We don’t like to be foolish. We don’t like to fail or be found wanting or finish last. We like to cheer for the winning team. We like to achieve honors and accomplishments. We like to earn more money, get more things, preserve our good looks and abilities, reach the pinnacle of the medal platform. Or at least, that’s the attitude it seems society predominantly encourages and rewards.
And we’ve begun the season of Lent. It leads to Jesus’ death on the cross. It can seem such a jarring contrast. In our texts for worship this week, Jesus urges us to join him on that way. It seems foolish, St. Paul accepts. Yet, for those who trust in God, it is wisdom greater than any guidance.
The cross. Defeat. Suffering. Humiliation. Death. The end of life. Foolish? Ridiculously stupid is more like it! And it’s the central core, the greatest expression of our living faith. God’s way to resurrection hope, power, peace, the fullest life we could know beyond our imagination. ……… What?
Jesus going to the cross isn’t glorification or even justification of suffering. It isn’t about balancing some eternal mathematical equation of Holy Anger against human guilt. The meaning of the cross lies utterly in the reason Jesus ended up there. He associated with the lowly. He served the least. And thereby, he challenged the greatest in power and privilege. Jesus dying on the cross is the consequence of how he lived full of God’s love. The cross is the consequence of those people seeing him as an opponent, and then exercising their power and protecting their privilege from his perceived challenge.
The cross and resurrection as the central expression of our faith conveys Holy Power perfected in weakness. Success embodied through sacrifice. Living more fully not through accolades accrued and accomplishments achieved, rather by giving ourselves more completely for the good of others.
You see, what makes the eternal difference isn’t just action alone, it’s intention, motivation, arising from the orientation of our hearts. There are some things about life in this world that are clearly wrong and right. And there’s a lot of stuff in a gray middle that gets all mixed up in our twisted emotions, our limited knowledge and misunderstandings, and our misguided perceptions. As in Jesus’ time, in our culture many voices of wisdom and truth propound how to have a good life. How to be successful. How to get ahead. Names and terms change, but basic human impulses persist over the ages. We desire life with greater ease and pleasure. We compete with opponents. We pursue our vision of what’s good for us or those we love. Pleasure and arguments, a little healthy competition, good life with those we love and resources to pursue it are not inherently wrong.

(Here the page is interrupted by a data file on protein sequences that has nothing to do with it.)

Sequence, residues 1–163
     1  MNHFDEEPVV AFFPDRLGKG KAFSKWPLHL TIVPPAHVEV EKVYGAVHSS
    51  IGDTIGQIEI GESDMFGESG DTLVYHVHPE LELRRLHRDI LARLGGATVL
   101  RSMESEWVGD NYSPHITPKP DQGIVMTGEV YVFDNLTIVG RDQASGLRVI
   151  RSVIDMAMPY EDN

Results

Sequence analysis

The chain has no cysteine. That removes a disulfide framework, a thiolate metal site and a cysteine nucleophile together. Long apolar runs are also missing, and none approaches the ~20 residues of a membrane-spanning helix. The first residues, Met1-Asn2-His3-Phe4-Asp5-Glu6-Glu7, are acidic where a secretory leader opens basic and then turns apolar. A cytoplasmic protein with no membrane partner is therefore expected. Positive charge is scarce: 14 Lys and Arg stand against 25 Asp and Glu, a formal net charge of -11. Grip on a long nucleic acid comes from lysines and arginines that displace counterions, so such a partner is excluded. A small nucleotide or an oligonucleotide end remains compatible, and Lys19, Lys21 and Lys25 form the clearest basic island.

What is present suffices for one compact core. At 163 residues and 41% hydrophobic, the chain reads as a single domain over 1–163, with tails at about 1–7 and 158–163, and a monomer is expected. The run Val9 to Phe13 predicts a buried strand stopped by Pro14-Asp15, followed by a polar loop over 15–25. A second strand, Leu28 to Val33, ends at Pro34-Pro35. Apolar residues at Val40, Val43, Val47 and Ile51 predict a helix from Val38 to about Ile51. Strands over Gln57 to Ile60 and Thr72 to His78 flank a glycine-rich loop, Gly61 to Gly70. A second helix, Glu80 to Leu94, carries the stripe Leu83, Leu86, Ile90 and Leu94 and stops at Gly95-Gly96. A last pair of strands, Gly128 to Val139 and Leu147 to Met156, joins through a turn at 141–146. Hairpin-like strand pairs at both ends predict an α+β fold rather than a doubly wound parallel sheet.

And in Jesus Christ, God tries to take the best loving impulses in our hearts and minds, then broaden our horizons, definitions, and imagination of “winning success.” God moves us from narrow self-interest to life in community. God transforms our fears, judgment, and competition into compassion. God inspires us from complacence and complicity into action, service, even sacrifice for the good of others. We take up the cross, as Jesus did. We follow that way fully aware of where it may lead. For many of us, it won’t be about high stakes and extreme circumstances. It’s more in our ordinary routines and relationships. In conversation with those who are intimately beloved or work colleagues or strangers on the street. In responsibility for all beyond my rights alone. In decisions and actions that may cause discomfort, and even real loss. And in God’s grace, that makes all the difference … of Olympic proportions.
The wisdom we glean is not just some spiritual high. Though I do believe such a committed relationship with God nurtures true peace and joy far beyond any illusion of life as perfect bliss. And I trust that with this orientation, when we take up the cross, we will share the promise and power of resurrection in community together—real practical outcomes in which life is better, far more abundant for all, including each of us.
By the way, some of my favorite Olympic moments have been when the German and Canadian bobsled teams tied for gold, then jumped and hugged each other with joy. When the Nigerians simply made it down the track. When the Tongan cross-country skier waited for the Mexican to finish last after virtually everyone else had left. When the Japanese skater went over to console the South Korean and she received the hug warmly through sobs and lapped the track together, despite the bitter centuries-old conflict and competitive rivalry between their nations.
Take that attitude and loving orientation from medal platforms into ordinary life … and it just might take the shape of the cross. Take up yours, Jesus said.
Grace and Peace,